Second, I've just read a little bit of someone else's copy of Three Reformers by Jacques Maritain. The first essay looks like the most un-PC possible dismantling of Luther ever. Had to give it back, unfortunately, but I'll be trying to get my hands on that again.

Now, the weekend. A quality result against the Scousers (though oddly lacking in passion - but anyway, a properly professional win). It's true that United didn't play anything like as well as they can but :
1. They didn't have to, and :
2. Getting results when you're not playing well is how championships are won (which is a cliche, but cliches become cliches because they're true, which is another cliche, but...) and finally,
3. We played reasonably well anyway.

Keane was absolutely immense in midfield; he's come off worse in a couple of his recent battles with Gerrard (notably last season's Worthington cup final) but those were completely avenged this time round and every element of his game was present, correct and shiny. Tackling as crisp as ever, distribution precise, good anticipation, the raging will to win, leadership... I could go on, but I shouldn't. Man of the match stuff as always.
Giggs did get a little lucky with both the goals, but he'd spotted that Dudek had vulnerabilities and was probing at them well before then. cf. the 40-yard volley from Dudek's miskick. Heskey's miss, Silvestre's tackle, the penalty that wasn't that was and the City result all meant it was a good weekend to be a United fan.

A little while ago, I was in Steers, you know, the one behind Muindi Mbingu Street, paying for an immensely delicious and slightly overpriced Hero Steak Roll . I saw Binyavanga Wainaina, went over, introduced, and then made an arse of myself. The relevant bits of conversation went (very roughly) like this:

Me: hello, I'm a big fan of yours, congratulations on winning the Cain prize.
BW: Thank you, do you write yourself?
Me: [long, awkward, aphasic pause] What?, No, well, um, err, err, badly.

All this is by way of the fact that this guy is probably Kenya's best young(ish) writer as a little glance at these stories here will show.
And he's only recently got a new literary mag started. It's called Kwani and is the first of it's kind in Kenya for years. This is A Good Thing, maybe even a sign that the culture is coming of age; or at least that it's sufficiently self-confident and has the requisite critical mass of unemployed literary people for this to happen. At any rate, we were hugely overdue a showcase for quality Kenyan writing, which there is a great deal of. (Witness Yvonne Adhiambo Owuor's story which won her this year's Caine prize and is published in Kwani.)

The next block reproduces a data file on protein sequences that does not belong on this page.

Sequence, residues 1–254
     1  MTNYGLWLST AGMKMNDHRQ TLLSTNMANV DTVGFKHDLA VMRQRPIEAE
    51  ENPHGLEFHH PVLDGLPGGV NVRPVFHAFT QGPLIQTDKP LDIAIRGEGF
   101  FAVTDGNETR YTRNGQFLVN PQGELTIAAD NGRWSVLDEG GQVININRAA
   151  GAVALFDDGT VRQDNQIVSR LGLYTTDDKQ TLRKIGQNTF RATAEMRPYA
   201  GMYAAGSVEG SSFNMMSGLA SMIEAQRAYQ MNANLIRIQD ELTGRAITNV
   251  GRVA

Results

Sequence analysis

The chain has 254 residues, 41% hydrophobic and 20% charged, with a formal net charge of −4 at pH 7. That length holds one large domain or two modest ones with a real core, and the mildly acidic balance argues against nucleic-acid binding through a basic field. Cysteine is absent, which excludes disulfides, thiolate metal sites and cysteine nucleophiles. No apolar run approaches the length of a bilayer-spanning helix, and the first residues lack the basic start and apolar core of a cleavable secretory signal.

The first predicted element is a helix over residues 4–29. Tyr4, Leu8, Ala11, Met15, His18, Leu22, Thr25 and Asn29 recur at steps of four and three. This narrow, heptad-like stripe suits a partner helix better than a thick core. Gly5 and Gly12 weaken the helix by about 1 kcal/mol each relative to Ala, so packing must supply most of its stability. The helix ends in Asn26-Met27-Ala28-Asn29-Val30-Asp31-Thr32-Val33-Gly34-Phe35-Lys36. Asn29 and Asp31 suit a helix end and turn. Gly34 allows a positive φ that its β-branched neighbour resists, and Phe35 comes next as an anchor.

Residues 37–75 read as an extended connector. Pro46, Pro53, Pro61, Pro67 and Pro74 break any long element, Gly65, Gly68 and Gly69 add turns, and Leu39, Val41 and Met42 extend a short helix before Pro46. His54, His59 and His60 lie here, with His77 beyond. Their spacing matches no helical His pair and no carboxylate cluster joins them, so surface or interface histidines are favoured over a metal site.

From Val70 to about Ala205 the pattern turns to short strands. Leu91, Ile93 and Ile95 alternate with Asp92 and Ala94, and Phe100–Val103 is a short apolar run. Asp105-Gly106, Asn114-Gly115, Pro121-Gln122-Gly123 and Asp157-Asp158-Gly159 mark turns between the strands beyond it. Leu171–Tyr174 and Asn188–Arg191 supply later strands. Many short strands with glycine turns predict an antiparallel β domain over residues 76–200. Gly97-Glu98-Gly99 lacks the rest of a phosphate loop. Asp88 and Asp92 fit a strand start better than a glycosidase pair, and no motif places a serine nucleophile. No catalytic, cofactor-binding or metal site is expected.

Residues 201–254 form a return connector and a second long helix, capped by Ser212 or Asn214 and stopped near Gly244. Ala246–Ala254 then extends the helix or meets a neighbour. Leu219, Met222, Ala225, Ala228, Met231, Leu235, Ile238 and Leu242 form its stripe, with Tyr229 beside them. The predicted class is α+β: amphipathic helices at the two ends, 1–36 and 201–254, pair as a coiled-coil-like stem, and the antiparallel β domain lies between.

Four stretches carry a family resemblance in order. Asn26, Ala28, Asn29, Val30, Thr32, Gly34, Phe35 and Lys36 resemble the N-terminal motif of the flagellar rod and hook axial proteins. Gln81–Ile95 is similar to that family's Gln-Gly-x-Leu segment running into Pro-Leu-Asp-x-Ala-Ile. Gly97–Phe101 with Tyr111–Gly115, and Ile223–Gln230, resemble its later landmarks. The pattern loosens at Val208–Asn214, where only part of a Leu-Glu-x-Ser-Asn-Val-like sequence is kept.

No heavy-duty cultural analysis here, but I will be buying any copies I can find and you too might care to see what all the fuss is about.

There's a good (OK, slightly clueless) report about all this here.

Thursday, November 06, 2003

Why mathematicians and philosophers ought to be banned from pubs...

From the November 6th times letters page at:,,59-882044,00.html

Flipping marvels
From Mr Dennis Orton

Sir, Beermats will now flip more accurately (report, November 3). I also think they should have something interesting written on them.
When teaching (Bertrand) Russell’s Paradox I often suggested a beermat with on side A: “The statement on the other side is false” and on side B: “The statement on the other side is true”.

Yours faithfully,
(Head of mathematics, The Portsmouth Grammar School, 1977-96),
Spring Cottage, 5 Weston Lane,
Weston, Hampshire GU32 3NL.
November 4.

yes, well. Five (count them!!) months without a post must be some kind of record for a blog. I am however back, and will continue to trouble your eyes with all manner of inane observations.

Somebody's been gazetted; there are now no legal obstacles to him practicing law... Shurely shome mishtake?? Anyway, congratulations are in order, Mr. K.
why oh why won't you publish, you damned thing??!!